Teacher candidates Riley Lazar and Jennifer Fatt say they learned the value of engineers and teachers joining forces for education.
Lazar and Fatt supervised students building small models of motorized cars. They saw the inquiry-based method begin to motivate students to engage in critical thinking.
“We can see the value of teachers and engineers working together on approaches to teaching,” Lazar says. “The students started coming up with all kinds of different ideas to figure out how to make something work,” Lazar says. “Seeing that happen gives us new ideas for how to teach.”
Youngsters get a look at college
JoAnne Skoglund, a teacher at Kyrene Altadeña Middle School in Ahwatukee, and Monica Crowder, a K-8 science specialist for the Kyrene school district, helped bring 110 seventh-graders from the school to DiscoverE Day.
“This is great direct exposure to STEM subjects,” Skoglund says. “We want our students to think like scientists and design like engineers, and experiences like these get them a step closer to that.”
Beyond the educational activities, Crowder says the event helps cement the district’s partnership with ASU that benefits the young students.
“Our students get a look at a college campus, some of them for the first time,” she says. “They get to meet and talk to college engineering students and ask them questions. This makes an impact on them, and starts them thinking that college is something they want in their future.”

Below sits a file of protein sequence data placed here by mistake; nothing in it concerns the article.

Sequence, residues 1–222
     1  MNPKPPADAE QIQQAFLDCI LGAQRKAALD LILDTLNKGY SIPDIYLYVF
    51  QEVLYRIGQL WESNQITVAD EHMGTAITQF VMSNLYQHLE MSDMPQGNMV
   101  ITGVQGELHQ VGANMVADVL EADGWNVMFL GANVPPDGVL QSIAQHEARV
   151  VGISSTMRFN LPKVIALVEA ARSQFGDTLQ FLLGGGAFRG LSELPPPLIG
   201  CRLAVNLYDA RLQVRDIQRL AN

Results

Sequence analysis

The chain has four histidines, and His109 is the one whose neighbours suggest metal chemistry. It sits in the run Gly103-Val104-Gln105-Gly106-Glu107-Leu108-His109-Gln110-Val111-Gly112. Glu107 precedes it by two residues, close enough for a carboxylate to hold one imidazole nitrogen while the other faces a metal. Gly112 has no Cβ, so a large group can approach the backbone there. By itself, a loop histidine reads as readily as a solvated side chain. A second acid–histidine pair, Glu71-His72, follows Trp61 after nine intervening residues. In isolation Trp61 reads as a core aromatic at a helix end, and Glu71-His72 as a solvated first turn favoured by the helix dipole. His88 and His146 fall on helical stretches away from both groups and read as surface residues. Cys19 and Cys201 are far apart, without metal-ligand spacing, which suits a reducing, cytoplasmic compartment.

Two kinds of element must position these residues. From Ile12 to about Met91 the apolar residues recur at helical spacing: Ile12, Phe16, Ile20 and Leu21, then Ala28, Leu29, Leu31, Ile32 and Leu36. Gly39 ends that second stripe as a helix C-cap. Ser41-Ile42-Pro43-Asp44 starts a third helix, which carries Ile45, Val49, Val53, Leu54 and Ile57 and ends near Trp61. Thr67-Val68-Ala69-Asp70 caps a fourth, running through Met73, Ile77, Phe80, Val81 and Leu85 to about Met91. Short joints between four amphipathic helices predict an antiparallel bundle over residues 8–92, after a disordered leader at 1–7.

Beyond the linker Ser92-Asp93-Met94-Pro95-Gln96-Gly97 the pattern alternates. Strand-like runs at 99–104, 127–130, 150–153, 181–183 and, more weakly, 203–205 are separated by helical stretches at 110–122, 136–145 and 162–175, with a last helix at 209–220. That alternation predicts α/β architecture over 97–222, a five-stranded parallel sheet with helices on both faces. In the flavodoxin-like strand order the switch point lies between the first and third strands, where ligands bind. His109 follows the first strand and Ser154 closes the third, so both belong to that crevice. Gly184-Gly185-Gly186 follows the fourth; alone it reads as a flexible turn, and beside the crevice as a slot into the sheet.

Cultivating leadership skills
Kari McCormick came to DiscoverE Day to support her 13-year-old daughter, Hunter, a Kyrene Altadeña student. “She was in an ASU Girls In Engineering summer program and that really sparked something in her,” she says of her daughter. “So I wanted to come to support her interests in [STEM subjects} and support the school for letting students participate in this.”
McCormick, who earned a business degree at ASU and is now a director of a division of a large construction company, says the interactive learning methods demonstrated at a session designed by Ganesh are the key to more than engineering education.
“Any time you can get junior high students together and motivate them to learn cooperation and collaboration to achieve a goal, that’s a great thing,” she says. “That’s what cultivates leadership.”
Plans for future collaborations
“It was evident teacher candidates and engineering students worked together effectively. The activities they facilitated kept both the elementary and middle school students enthralled,” says Jennifer Velez, senior coordinator for the Fulton Engineering Schools’ Student Outreach and Retention Program.
“Their partnership resulted in bringing something extra to DiscoverE Day that made it all the more successful,” says Velez, who helped plan and manage the event.
The collaboration with engineering students and teacher candidates “is only the start of much more to come,” Ganesh says.
He plans to work with more than 80 teacher candidates and their mentors later this year on more ways to integrate lessons on engineering design processes in elementary and middle school curriculum.
In the future, he intends to explore ways to do more than teach only basic engineering design. “I want to eventually advance to methods for incorporating lessons about the systems and modeling aspects of engineering into classroom activities,” he says.
Joe Kullman, firstname.lastname@example.org
Ira A. Fulton Schools of Engineering